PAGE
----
Conflicting Court Orders over Emirship Tussle Stir Debate on Jurisdiction

The conflicting orders by courts of coordinate jurisdiction in Kano emirship dispute have stirred up debate as to which of the courts between the Federal High Court and state High Court has jurisdiction to adjudicate on chieftaincy matters in Nigeria, Wale Igbintade  writes

Nigerian courts are predictable. When Justice Mohammed Liman of a Federal High Court in Kano granted an ex-parte order stopping Governor Abba Yusuf from reinstating Emir Muhammadu Sanusi II pending the determination of a substantive suit filed against the reinstatement, many Nigerians knew that Liman’s order would not be the last high court order in the case.

The prediction became a reality when, in the same dispute, Justice Amina  Aliyu of a Kano High Court issued a counter order, directing Aminu Ado Bayero to cease parading himself as the 15th Emir of Kano.

Justice Aliyu also ordered the police to evict Bayero from the mini palace at the State Road.

Trouble started penultimate Friday when Governor Yusuf reinstated Sanusi as the sole Emir of Kano following the implementation of a new law. Sanusi was dethroned in March 2020 and replaced by Bayero under the administration of former Governor Abdullahi Ganduje.

The new law, which came into effect the previous day, Thursday, dissolved the four other emirate councils of Gaya, Karaye, Rano, and Bichi created by Abdullahi Ganduje’s administration and merged them into a single Kano emirate.

Consequently, the governor dethroned the emirs of the four disbanded emirates and restored Sanusi as the sole Emir of Kano.

This development led to a series of conflicting and counter-court orders favouring different parties in the dispute over the Kano Emir throne.

On the day of Sanusi’s reappointment, Justice Liman of the Federal High Court in Kano restrained the Kano State Government from implementing the new emirate law. Governor Yusuf, however, rejected the court order, claiming that the judge who issued it was in the United States at the time.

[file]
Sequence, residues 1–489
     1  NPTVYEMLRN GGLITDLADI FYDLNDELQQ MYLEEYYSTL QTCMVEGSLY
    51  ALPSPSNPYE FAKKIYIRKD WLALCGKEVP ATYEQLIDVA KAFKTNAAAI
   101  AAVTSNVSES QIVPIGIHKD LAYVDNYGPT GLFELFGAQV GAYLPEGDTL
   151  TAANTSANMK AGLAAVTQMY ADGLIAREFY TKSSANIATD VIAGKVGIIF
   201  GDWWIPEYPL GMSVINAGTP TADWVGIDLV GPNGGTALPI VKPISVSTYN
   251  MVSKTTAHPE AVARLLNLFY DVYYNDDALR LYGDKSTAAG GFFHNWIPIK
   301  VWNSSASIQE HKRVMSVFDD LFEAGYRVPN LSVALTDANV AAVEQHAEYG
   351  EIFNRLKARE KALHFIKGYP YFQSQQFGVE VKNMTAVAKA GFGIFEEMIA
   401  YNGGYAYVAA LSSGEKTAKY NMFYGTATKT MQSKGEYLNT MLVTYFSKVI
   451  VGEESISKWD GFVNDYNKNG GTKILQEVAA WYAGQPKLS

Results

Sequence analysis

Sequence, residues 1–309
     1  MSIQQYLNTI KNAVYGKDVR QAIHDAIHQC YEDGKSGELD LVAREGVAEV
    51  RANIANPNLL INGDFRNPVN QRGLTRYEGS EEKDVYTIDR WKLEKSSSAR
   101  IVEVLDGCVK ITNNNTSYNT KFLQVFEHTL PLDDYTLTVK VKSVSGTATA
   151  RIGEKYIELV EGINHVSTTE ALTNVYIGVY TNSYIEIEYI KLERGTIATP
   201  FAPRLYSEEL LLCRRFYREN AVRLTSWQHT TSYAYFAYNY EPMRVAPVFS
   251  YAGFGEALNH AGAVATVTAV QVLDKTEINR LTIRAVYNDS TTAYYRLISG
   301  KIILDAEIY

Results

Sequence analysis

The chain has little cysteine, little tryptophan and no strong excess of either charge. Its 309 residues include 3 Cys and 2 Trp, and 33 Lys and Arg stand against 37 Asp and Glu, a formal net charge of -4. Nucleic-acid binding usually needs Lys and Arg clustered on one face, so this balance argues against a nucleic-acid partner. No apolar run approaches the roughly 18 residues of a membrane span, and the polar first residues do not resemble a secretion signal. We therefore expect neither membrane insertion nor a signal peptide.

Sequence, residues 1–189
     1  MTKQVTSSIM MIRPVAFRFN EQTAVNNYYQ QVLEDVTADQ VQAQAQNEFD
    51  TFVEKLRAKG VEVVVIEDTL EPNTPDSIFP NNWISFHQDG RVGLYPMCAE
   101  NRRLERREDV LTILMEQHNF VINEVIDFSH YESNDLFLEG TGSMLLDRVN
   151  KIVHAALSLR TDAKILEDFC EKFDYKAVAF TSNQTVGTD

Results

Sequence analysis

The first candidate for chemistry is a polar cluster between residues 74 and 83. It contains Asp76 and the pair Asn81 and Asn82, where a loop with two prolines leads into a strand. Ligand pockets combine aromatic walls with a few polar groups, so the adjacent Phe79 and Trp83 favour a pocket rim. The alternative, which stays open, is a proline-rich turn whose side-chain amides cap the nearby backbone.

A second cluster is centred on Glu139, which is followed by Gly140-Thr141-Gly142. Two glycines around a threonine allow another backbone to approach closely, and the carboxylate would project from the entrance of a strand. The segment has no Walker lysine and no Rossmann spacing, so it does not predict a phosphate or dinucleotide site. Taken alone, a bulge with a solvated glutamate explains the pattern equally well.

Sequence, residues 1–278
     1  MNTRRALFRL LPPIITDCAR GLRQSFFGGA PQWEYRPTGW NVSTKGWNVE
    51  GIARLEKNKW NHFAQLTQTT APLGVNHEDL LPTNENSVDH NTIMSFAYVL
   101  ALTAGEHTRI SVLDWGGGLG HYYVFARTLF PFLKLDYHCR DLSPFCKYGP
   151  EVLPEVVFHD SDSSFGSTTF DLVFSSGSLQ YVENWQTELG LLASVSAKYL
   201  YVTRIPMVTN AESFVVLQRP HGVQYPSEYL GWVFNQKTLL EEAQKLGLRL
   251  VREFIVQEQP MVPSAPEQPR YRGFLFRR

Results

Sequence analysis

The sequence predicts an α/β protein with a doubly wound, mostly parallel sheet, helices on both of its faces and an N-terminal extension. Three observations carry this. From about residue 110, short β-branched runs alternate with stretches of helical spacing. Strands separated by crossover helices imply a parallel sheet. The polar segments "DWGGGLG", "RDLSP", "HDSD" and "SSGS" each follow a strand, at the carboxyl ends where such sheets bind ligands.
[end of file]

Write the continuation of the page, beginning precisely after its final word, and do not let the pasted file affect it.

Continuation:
Subsequently, Justice Aliyu of the Kano State High Court ordered the police to evict Bayero from the mini palace in Nasarawa, where he has been residing since his dethronement.

Justice Aliyu’s order was still not the last high court order in the case.

In a counter order, Justice S. Amobeda of the Federal High Court directed the police to evict the reinstated Sanusi from the Emir’s Palace in Kofar Kudu.

But Justice Aliyu of the Kano State High Court restrained the police, the Department of State Services (DSS), and the Nigerian military from evicting Sanusi from his palace.

The conflicting orders have created confusion and heightened tension in the state, providing the state government and security agencies with excuses to selectively enforce the orders based on their preferences between the warring parties.

So embarrassing did the situation become that the Chief Justice of Nigeria (CJN), Justice Olukayode Ariwoola, as the chairperson of the National Judicial Council (NJC), the body statutorily empowered to discipline erring judges, had to intervene by summoning the chief judges of both the Kano State High Court and the Federal High Court over the conflicting court orders of the judges under them.

According to a statement by the Director of Information of NJC, Soji Oye, Justice Ariwoola summoned Justices John Tsoho, Chief Judge of the Federal High Court, and Dije Aboki, Chief Judge of Kano State High Court, to an emergency meeting scheduled to be held on Thursday this week. He added that the CJN’s summons issued to the judges was to prepare the ground for a full-scale probe.

Legal pundits believe that as the courts prepare to deliver judgments any moment from now, they have to carefully examine which of them between the Federal High Court and the Kano State High Court has jurisdiction to entertain chieftaincy matters and disputes.

This is because Section 251 of the 1999 Constitution makes it expressly clear that the Federal High Court is a court of limited jurisdiction confined to issues over which the federal government has competence to make laws or to necessarily ancillary matters.

A state traditional chieftaincy matter does not fall within the purview of the jurisdiction of the Federal High Court but of the State High Court.